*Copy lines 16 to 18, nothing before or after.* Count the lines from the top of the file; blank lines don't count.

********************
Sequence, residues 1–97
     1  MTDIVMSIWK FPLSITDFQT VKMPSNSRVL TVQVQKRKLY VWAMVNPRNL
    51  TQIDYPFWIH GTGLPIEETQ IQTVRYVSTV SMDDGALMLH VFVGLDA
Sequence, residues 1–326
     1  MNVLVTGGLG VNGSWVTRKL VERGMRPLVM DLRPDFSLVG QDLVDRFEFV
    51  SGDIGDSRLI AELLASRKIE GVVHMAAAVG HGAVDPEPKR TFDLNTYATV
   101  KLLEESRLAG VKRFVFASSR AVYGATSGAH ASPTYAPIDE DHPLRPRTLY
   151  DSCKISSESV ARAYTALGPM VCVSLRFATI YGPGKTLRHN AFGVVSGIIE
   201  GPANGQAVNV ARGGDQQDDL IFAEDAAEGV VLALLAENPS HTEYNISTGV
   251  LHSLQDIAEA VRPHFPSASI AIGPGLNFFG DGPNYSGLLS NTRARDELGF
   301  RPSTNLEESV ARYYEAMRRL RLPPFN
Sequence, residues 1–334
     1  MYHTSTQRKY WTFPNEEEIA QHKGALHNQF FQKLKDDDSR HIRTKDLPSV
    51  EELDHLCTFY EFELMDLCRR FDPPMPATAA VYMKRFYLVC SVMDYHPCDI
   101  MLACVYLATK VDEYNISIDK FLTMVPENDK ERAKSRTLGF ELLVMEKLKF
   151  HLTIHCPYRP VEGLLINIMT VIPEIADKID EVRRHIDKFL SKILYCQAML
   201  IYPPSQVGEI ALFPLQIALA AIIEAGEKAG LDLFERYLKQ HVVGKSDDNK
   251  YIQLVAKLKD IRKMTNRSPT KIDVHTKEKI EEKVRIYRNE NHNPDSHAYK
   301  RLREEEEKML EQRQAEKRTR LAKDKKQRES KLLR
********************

   151  HLTIHCPYRP VEGLLINIMT VIPEIADKID EVRRHIDKFL SKILYCQAML
   201  IYPPSQVGEI ALFPLQIALA AIIEAGEKAG LDLFERYLKQ HVVGKSDDNK
   251  YIQLVAKLKD IRKMTNRSPT KIDVHTKEKI EEKVRIYRNE NHNPDSHAYK